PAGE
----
Many reviews were quite negative and a lot of people seemed to not understand the story. I thought it was terrific - a finely worked piece of art. Here is the explanation of the story for those who didn't get it:

Six (James Caviezel) in the real world was determined to figure out what he had been working on for the secret mega-corp headed by the Two character (Ian McKellen) - it turns out Two is an eccentric rich fellow who wants to fix broken people and constructed a Matrix-like Village in which these peoples' minds could live and prosper within the confines of the construct and its rules. Another person held the construct in their mind - the wife at the beginning and the doctor/love interest later ... and this person had to be asleep or the construct began to unravel (the holes). The whole point of the story was that Two wanted to replace himself and he cultivated Six because of his strong moral compass. The trials and tribulations Six went through were to test his mettle and by the end he proved himself and Two was able to move on. Six indeed became a prisoner, but a willing prisoner - bound by love.


Potiphar Breen said...

Hey Radii, good recap!

My Comment On this for what it's worth:

We have a guy Number 6 this time who is NOT and ANGEL but Christ Himself! Instant Upgrade.

Great production values and photography on this remake, excuse me - reimagined miniseries;
the Brits and Aussies were the best actors, but the whole shebang tried too hard to tell too much without being pruned successfully.

Sir Ian McKellen is absolutely great as usual and was a major draw for me, alas...

...sorry to offend but James Caviezel - for me - was severely miscast as the lead. He by no means was a sympathetic or even interesting major character. Major disappointment.

The subplots were contrived-ish and had the usual amount of social consciousness-evoking stereotypes which painfully detract from the quality of the storyline.

Rover 2.0 was kool and still provides a unique robotic villain experience for me after all these years.

I have been watching the original series on Comcast On Demand and all 17 episodes are available until Nov. 30 so I guess I am spoiled and/or terminally nostalgic.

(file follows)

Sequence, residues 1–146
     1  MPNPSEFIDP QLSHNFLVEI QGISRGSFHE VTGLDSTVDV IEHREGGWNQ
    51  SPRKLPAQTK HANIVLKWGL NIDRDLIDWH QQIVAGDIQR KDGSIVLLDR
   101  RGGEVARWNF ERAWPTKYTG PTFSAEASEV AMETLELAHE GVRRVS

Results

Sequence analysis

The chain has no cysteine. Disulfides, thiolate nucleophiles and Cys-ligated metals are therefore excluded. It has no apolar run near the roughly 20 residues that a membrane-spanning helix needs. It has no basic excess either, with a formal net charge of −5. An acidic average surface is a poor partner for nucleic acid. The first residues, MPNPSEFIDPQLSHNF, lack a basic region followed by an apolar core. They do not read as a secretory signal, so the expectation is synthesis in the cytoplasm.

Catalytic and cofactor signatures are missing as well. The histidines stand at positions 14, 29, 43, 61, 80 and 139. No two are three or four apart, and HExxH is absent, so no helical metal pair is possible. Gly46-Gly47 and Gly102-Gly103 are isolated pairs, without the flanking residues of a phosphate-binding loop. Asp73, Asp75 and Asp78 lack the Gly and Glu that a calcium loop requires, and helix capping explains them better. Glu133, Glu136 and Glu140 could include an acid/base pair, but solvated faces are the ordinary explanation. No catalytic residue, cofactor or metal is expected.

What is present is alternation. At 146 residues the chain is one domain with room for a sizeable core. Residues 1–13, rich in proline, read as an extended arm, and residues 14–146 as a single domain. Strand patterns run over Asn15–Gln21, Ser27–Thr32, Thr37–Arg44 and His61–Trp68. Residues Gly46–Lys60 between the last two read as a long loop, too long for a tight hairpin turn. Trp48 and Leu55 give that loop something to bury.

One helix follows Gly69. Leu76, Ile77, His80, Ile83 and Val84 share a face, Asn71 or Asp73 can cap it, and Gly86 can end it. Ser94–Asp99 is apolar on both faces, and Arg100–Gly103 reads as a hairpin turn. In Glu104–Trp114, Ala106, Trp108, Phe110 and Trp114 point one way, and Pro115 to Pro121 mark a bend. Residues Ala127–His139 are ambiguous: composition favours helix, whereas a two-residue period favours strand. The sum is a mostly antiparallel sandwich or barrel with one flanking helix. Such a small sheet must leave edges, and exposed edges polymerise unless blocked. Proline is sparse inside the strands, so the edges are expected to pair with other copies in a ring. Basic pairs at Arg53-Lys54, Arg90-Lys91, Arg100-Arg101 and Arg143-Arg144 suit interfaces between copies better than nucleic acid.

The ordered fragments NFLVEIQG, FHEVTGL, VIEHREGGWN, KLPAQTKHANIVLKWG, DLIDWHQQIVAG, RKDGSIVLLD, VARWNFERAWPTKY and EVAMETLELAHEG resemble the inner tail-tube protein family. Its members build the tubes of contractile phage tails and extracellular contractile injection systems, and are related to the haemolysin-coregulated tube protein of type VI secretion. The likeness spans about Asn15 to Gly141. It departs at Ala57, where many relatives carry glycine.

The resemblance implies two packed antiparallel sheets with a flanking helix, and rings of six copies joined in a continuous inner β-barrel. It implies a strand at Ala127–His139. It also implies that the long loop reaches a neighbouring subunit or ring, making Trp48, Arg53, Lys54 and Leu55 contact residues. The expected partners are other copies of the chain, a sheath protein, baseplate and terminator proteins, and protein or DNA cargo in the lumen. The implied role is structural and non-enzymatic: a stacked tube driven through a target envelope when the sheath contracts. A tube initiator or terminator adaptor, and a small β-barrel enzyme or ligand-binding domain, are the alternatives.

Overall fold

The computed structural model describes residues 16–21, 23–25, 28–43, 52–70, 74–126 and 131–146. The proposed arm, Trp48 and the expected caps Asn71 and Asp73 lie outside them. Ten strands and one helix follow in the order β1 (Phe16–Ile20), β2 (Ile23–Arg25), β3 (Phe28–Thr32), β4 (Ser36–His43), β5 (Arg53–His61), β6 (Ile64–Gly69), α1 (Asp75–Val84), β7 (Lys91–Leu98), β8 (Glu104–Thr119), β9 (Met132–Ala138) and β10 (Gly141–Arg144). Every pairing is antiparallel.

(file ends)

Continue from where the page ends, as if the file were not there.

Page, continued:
All in all, too much 'anchor' and not enough holes!

radii said...

Great ending line there, Potiphar.

Caviezel is an interesting actor. He tends to play things very interior and sometimes this comes across a little stiff or blank - he's got the depth and talent, if only he could loosen up a bit.

I'm looking forward to watching the original series, it's been ages.

Anonymous said...

Maybe I didn't give it enough time (only watched the first two hours) and maybe I should. But I won't. Bored the hell out of me and I found Caviezel irritating.

radii said...


The whole miniseries builds to the big reveal at the end so you have to be patient and just get into the eery mood of the thing. If you can't do that you'll never have patience to get to the finish. It's a mood piece, not a bombastic symphony.

Anonymous said...

On an unrelated BSG note - http://aaeblog.com/2009/11/28/pop-star/

Liam Thomas Stone said...

Or, perhaps The Prisoner was a metaphor for the way individuals and societies deal with extreme trauma--specifically 9/11.

That date (that number) changed the world. Now, in the village, everyone is a number.

There is domestic surveillance everywhere; everyone is suspicious of everyone.

The cafe is bombed in what looks like a terrorist bombing.

People are removed from society, heads bagged, and thrown into a cave (very Guantanamo-like).

A pair of ghostly, twin towers stand ominously over the village.

Everyone is from New York. In the final episode, 6 opens the coffin full of oranges and then lies on the ground while a bird soars over head; however, if you watch that scene closely, then you will see a flash of one of the planes flying overhead.

Now consider the main focus of debate post 9/11 -- how much freedom do we give up to be safe? Do we let those whose seek to destroy our way of life turn us into a revenge-filled culture bent on retaliation (see the episode with 6 and his double).

Or, do we refuse to live in fear and retain our cultural dignity, i.e. no torture, no wars, no domestic spying, no Patriot act, etc.

Sure, the show has hints of religion and God, but then again it was Senator McCain who was always calling terrorism an "existential threat."

Perhaps, 2 said it best--this isn't political; the great war is psychological; and this show was a metaphorical examination of how that war has affected the psyche's of our "village."

Anonymous said...

Liam are you serious? stop drinking the kool-aid and get a clue. you sound like one of those conspiracy theorist who think the us government is responsible for 9/11.

Sybarite said...

Liam, ... Do we seriously have to remind you that "USA" is NOT "the world" ! ;o)

And yes the "glass building" was somewhat reminiscent of "the Twin Towers". ... As it was reminiscent of any other tall building.

And by the way, I have re-watched the scene closely (frame-by-frame in fact), and there was NO "flash of a plane flying overhead" !

~ Once again, another perfect example of how anybody can read anything into anything if they really look for it !

P.S. >>> The Radii's recap was "spot-on" !

Anonymous said...

Gotta say just watched the show on ITV and absolutely loved it despite all the negative reviews it got! and as for the guy who said they didn't like the lead actor i couldn't agree less

Anonymous said...

Liam, cool story about 9/11, but isnt the original Prisoner filmed in 60s or such?... lol ;-D